The Maine CDC says more than 300 people in New England died last year while waiting for organ transplants.
According to Secretary of State Matthew Dunlap, 51% of licensed drivers in Maine have designated themselves organ and tissue donors on their driver’s license. That’s just a little more than 500,000 people. Dunlap was on-hand at an event in Augusta, trying to get that number even higher, telling the story of his friend, Minnesota secretary of state Mark Ritchie, who lost his only child to a drunk driver.
“And in those critical moments when decisions had to be made about organ donation, they were approached by the organ donation people, they were in absolute distress, hardly a time to make a critical decision, but they made the decision and agreed to authorize making their daughter available for organ donation,” Dunlap said.
Bruce and Jane Hubbard of Unity lost their daughter Angela to a brain aneurism in April of 2008 and it wasn’t long before her decision to become an organ donor began to pay dividends.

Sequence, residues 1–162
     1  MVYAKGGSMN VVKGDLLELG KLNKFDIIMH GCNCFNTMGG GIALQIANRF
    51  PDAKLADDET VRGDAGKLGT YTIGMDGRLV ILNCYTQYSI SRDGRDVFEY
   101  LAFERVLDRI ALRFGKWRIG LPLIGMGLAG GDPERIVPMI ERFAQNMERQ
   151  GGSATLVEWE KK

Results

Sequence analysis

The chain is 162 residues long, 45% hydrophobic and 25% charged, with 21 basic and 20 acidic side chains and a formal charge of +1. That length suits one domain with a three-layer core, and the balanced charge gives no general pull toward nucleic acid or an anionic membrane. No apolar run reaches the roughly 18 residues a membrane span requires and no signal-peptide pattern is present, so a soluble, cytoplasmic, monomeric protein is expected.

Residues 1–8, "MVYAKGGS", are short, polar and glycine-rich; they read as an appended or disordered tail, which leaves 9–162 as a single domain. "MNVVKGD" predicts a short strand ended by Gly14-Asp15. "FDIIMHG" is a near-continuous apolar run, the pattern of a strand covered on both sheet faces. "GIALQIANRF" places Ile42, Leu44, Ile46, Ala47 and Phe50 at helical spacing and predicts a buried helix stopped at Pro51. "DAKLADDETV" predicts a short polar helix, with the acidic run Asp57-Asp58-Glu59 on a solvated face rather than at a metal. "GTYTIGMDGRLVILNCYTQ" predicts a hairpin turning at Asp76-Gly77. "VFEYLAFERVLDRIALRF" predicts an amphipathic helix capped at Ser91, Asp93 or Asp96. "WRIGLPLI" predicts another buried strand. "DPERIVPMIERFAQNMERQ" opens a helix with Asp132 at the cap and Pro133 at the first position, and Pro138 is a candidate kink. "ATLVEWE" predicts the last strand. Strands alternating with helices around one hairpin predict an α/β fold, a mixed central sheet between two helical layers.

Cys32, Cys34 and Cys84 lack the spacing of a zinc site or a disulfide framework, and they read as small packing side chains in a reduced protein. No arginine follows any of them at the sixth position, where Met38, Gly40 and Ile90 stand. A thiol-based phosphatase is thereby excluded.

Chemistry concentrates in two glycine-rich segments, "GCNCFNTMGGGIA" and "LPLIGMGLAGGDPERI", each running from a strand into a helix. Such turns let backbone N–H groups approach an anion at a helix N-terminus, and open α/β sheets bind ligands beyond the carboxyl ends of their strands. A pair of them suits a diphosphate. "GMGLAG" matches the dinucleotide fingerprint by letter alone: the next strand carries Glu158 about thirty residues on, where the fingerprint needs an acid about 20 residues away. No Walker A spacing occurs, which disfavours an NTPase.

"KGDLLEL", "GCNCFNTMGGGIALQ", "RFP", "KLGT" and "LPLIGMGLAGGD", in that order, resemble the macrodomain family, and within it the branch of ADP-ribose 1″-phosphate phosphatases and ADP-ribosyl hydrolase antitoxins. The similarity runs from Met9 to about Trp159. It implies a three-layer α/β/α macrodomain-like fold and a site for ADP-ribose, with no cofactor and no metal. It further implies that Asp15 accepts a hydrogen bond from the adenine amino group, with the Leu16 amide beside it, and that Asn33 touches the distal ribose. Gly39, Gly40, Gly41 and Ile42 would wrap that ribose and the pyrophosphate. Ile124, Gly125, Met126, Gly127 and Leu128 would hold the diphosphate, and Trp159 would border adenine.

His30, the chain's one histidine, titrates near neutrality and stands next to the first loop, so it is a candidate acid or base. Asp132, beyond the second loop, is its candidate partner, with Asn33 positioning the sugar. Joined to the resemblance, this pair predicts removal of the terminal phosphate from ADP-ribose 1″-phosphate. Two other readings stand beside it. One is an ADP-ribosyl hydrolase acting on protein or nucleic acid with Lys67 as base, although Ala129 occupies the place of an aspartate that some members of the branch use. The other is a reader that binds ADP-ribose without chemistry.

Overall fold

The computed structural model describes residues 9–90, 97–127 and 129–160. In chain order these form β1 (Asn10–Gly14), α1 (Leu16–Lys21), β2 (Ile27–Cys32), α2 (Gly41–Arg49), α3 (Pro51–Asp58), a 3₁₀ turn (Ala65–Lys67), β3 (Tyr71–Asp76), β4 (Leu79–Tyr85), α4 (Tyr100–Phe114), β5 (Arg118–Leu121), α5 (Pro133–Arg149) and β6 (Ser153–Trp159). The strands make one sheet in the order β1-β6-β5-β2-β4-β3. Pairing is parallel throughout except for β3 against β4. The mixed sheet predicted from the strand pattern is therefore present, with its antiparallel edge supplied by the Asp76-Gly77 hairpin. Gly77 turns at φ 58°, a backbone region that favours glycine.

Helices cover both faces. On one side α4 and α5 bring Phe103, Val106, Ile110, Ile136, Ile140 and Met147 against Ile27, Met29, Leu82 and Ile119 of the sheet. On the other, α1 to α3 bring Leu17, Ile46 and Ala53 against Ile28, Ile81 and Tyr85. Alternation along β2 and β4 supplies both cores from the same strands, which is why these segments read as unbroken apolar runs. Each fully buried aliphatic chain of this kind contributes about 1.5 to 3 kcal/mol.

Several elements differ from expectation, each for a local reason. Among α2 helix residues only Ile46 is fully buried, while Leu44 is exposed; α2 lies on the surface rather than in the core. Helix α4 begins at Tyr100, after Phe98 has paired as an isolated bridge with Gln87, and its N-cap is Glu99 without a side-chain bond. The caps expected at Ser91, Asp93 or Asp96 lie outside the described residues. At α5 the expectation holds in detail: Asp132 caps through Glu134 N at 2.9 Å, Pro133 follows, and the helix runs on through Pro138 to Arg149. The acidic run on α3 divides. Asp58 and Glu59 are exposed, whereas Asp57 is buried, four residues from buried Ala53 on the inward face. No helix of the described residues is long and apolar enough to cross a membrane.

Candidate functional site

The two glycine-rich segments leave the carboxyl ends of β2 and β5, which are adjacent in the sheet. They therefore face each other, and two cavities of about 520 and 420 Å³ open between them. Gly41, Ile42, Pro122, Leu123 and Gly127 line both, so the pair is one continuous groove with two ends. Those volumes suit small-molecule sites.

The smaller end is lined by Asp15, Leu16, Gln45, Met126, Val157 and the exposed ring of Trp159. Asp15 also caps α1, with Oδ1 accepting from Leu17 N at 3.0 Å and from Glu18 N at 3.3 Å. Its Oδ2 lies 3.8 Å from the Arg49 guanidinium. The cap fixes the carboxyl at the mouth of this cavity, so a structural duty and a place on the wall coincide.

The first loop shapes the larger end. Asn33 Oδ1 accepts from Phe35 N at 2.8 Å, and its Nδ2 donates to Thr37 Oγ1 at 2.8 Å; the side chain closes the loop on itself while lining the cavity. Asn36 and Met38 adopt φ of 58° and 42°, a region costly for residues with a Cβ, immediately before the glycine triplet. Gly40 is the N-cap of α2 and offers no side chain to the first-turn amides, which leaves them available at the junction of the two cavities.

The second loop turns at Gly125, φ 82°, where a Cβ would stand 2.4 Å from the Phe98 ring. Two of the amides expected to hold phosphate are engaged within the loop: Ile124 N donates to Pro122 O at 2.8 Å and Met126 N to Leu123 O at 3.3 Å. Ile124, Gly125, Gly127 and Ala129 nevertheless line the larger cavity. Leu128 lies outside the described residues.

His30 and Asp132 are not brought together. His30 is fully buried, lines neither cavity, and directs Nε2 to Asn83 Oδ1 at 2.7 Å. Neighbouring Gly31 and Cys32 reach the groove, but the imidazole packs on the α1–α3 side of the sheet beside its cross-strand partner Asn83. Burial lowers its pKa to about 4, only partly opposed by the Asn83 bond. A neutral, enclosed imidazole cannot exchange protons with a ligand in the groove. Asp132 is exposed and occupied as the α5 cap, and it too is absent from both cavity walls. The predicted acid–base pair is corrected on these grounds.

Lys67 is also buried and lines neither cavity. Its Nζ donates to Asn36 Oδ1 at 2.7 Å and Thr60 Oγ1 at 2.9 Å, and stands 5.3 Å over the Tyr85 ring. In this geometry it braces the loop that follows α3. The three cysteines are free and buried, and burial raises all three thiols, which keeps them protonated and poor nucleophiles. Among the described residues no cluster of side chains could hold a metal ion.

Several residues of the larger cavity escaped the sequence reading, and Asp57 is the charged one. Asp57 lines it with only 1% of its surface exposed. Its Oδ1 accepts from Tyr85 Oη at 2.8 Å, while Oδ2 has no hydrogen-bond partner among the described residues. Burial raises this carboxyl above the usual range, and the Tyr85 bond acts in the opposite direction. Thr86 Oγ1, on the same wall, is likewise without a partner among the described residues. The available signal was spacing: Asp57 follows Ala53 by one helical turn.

“Angela’s organs and tissues were procured and started their life-saving journeys around the country,” Bruce Hubbard told the people gathered at the event.
Thanks to Angela’s decision to designate herself an organ donor on her license, a woman who suffered from cystic fibrosis has her lungs. Her heart is inside a man who would have died without the transplant. Her kidneys and liver were also used to save lives.
“Angela is the real hero,” Hubbard said. “Her decision to donate her organs and tissue and to document it to her license was a selfless act of heroism.”
Governor LePage has proclaimed April as “Donate Life Month.” For more information on becoming an organ donor, you can visit donatelifenewengland.org